Pandemic Preparedness: What to expect if you are contacted by a contact tracer?

Universities, health departments, and health services are partnering with communities and counties to assist with contact tracing. Contact tracing efforts have significantly increased statewide in hopes of reaching more positive COVID-19 cases and their close contacts. For more information about what contact tracing is, visit this link. As COVID-19 contact tracing ramps up, you may be wondering what to expect if you are contacted. 

How should I be prepared to speak with a contact tracer?

  • To be prepared in the event that either you contract the virus or have had contact with a confirmed case of COVID-19, it is important to:

1.     Be aware of anyone you have had close contact with. A close contact includes anyone that you have been less than 6 feet away from for 15 or more minutes (regardless of if you were wearing a mask). You may also download an exposure notification app, if one is available in your area. These apps work best if everyone uses them. Your phone exchanges anonymous codes with other devices that are close to yours through Bluetooth. When someone tests positive for COVID they enter a code that then sends a notice to all devices that received the Bluetooth codes. This will tell you if and when you were exposed AND tell you how long to quarantine to keep others safe. But it won’t be able to tell you about contacts with people who don’t have the app or never enter their positive COVID code.

2.     Watch for signs and symptoms and write down the date and time and your symptoms if you begin feeling ill. 

3.     Get tested if you begin to show symptoms or believe that you may have COVID-19.

What should you do if you are contacted by a Contact Tracer?

IF YOU ARE SICKIF YOU ARE A CLOSE CONTACT OF SOMEONE WHO IS SICK
You have been tested for COVID-19 and received a positive result.You have been less than 6 feet away from a confirmed COVID-19 case for 15 minutes or more (with or without a mask).
Please answer the phone if you see a phone number associated with a University or Health Department. Also remember to check your voicemail regularly.
 
Remember: Your name will be kept confidential. The contact tracer(s) will not reveal your name or other personal information to any of your contacts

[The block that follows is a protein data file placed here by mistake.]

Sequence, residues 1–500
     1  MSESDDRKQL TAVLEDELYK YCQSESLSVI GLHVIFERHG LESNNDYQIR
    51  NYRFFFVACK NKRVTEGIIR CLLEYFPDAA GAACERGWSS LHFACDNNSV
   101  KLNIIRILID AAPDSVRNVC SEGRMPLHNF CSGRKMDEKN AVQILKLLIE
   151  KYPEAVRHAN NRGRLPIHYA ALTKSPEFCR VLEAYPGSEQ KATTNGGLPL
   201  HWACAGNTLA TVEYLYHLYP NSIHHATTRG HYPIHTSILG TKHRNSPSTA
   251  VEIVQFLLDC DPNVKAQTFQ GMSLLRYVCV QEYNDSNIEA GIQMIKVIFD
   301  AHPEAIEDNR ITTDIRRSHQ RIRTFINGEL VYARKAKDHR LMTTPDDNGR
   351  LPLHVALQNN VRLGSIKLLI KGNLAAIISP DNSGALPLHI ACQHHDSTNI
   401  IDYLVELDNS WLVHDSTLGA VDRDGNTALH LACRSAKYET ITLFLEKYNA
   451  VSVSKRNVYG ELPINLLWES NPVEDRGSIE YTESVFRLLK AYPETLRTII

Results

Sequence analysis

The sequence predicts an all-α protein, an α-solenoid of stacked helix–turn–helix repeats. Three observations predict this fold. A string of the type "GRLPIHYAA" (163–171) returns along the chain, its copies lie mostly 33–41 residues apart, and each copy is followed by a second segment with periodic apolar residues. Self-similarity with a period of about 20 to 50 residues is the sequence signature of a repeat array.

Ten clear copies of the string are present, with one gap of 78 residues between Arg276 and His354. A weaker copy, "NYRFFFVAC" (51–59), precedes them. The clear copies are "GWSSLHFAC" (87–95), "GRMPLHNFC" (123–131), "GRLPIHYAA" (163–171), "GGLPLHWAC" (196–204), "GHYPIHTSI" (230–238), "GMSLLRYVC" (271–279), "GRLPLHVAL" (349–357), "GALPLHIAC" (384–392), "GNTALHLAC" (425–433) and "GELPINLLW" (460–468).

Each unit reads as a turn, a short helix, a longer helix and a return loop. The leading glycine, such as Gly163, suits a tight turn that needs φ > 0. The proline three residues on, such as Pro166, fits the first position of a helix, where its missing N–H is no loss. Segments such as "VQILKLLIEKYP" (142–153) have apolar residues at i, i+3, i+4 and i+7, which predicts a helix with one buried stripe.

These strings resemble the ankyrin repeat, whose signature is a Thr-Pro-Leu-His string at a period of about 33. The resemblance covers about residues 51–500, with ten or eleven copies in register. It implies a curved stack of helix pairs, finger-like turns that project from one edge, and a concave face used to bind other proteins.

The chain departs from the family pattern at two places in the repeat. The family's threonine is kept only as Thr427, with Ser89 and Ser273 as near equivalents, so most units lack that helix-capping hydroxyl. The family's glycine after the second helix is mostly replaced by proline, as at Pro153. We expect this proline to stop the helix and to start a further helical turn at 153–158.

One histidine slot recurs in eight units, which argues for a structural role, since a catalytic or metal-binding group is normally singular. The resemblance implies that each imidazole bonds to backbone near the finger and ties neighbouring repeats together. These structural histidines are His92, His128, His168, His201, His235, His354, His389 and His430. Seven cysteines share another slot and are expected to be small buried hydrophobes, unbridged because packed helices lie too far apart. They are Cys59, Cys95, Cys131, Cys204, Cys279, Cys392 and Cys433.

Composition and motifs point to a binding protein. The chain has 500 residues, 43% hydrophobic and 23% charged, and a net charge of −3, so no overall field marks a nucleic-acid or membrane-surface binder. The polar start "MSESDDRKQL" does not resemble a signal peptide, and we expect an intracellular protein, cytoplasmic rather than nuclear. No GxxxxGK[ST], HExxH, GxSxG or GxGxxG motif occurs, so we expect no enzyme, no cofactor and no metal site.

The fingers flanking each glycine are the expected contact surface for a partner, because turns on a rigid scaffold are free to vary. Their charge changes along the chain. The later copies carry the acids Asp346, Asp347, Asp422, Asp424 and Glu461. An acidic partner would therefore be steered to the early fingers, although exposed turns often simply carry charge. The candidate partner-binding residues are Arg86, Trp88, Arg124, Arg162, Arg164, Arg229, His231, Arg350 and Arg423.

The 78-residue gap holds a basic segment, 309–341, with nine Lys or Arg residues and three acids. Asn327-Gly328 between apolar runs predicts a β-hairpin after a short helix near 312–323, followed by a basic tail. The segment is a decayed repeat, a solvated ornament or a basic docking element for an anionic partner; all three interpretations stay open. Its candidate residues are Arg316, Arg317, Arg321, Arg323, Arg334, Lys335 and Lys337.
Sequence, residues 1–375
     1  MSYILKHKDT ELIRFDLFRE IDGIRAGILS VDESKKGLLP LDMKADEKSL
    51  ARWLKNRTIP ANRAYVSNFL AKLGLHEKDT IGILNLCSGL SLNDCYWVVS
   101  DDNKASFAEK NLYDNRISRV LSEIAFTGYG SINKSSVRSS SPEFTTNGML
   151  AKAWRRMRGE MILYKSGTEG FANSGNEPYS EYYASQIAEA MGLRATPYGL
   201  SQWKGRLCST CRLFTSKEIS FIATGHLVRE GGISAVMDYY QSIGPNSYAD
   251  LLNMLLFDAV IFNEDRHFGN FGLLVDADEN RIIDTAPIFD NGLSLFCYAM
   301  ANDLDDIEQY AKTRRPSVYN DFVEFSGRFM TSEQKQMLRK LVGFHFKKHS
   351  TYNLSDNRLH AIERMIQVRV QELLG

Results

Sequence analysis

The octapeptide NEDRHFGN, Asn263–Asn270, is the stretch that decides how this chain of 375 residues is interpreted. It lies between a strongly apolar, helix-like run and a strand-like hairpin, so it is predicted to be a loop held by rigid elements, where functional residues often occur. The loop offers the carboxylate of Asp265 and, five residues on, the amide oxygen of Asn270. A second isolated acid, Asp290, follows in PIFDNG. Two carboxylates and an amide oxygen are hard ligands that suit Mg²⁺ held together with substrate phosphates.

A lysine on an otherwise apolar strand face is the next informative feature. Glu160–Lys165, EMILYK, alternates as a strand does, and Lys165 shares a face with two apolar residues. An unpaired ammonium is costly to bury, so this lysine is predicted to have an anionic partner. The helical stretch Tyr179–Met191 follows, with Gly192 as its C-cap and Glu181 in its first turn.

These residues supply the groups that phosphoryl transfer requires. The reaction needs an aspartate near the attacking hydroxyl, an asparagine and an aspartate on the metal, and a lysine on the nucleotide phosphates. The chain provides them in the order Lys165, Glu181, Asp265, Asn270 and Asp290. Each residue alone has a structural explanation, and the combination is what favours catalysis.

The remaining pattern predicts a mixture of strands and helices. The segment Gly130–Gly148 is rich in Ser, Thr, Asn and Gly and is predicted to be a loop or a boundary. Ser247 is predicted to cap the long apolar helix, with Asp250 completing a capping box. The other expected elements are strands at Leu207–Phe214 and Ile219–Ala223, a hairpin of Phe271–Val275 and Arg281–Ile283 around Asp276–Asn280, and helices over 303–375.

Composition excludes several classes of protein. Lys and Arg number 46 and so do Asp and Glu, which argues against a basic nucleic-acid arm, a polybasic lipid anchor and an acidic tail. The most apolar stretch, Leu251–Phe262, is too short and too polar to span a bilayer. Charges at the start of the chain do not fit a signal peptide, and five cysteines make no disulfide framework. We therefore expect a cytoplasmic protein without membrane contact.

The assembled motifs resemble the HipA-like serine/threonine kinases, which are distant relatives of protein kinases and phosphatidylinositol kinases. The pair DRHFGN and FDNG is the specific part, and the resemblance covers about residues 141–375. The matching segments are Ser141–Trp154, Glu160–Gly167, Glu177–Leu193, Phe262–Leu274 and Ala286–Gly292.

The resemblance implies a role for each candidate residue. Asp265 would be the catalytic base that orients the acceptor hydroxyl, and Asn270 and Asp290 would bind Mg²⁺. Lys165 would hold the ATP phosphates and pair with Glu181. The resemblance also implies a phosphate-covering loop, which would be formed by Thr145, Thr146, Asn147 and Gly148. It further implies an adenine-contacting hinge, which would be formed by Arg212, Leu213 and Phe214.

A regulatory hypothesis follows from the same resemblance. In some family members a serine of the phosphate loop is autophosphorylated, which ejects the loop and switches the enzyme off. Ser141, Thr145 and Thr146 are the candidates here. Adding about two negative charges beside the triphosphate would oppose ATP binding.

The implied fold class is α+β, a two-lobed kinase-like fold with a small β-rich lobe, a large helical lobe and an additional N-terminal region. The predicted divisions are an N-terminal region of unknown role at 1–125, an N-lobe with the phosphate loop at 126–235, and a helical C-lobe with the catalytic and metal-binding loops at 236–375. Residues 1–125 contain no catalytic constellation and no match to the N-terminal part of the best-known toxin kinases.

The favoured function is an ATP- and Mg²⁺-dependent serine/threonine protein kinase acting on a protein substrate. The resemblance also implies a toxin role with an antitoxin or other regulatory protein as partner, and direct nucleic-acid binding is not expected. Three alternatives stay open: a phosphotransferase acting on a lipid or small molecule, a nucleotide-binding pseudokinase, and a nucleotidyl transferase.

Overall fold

1. Contact tracers will ask you a series of questions about your illness. For example, if you have or had any symptoms, the date you began feeling ill, if you were tested, etc.


2. They will also ask questions about who you have had close contact with before you began feeling ill (including household members, family, friends, neighbors, etc).


3.   Listen to the contact tracer, they may have specific guidance for you to follow.

Here is additional guidance to remember:

 Self-isolate for 10 days after you received your positive test result.

 Stay home in a specific room away from other people and pets in your home and use a separate bathroom, if possible. For more information about what to do if someone in your household is sick, visit this link.

Maintain physical distancing from others and wear a cloth face covering regardless if you are showing symptoms or not.

 Monitor your symptoms of COVID-19 and if your symptoms become severe (trouble breathing, persistent pain or chest pressure, confusion, inability to wake or stay awake, or bluish lips or face), seek medical care.

Remember some COVID-19 cases do not show any symptoms but may still be contagious

1. The contact tracer will make you aware that you were listed as a close contact of someone who tested positive for COVID-19.     
Be sure to listen to the contact tracer, they may have specific guidance for you to follow.

2.     Stay home and self-quarantine (this means staying away from others) for 14 days starting from the last day you were exposed to COVID-19 (the contact tracer can help you identify the dates of your self-quarantine and provide resources about COVID-19 testing in your area).

3.     Maintain physical distancing from others and wear a cloth face covering regardless if you are showing symptoms or not.

4.     Take your temperature twice a day and watch for symptoms of COVID-19

5.     If you begin to show symptoms, get tested for COVID-19. You should also remember that many COVID-19 cases do not show any symptoms of the virus but may still be contagious.

6.     Seek medical care if your symptoms become severe (trouble breathing, persistent pain or chest pressure, confusion, inability to wake or stay awake, or bluish lips or face.

7.     Since contact tracing may take time to reach your contacts, you should also notify your close contacts that you are a contact of someone who tested positive so that they can self-quarantine and monitor any symptoms.
For more information about what to expect if a contact tracer calls, visit this link.

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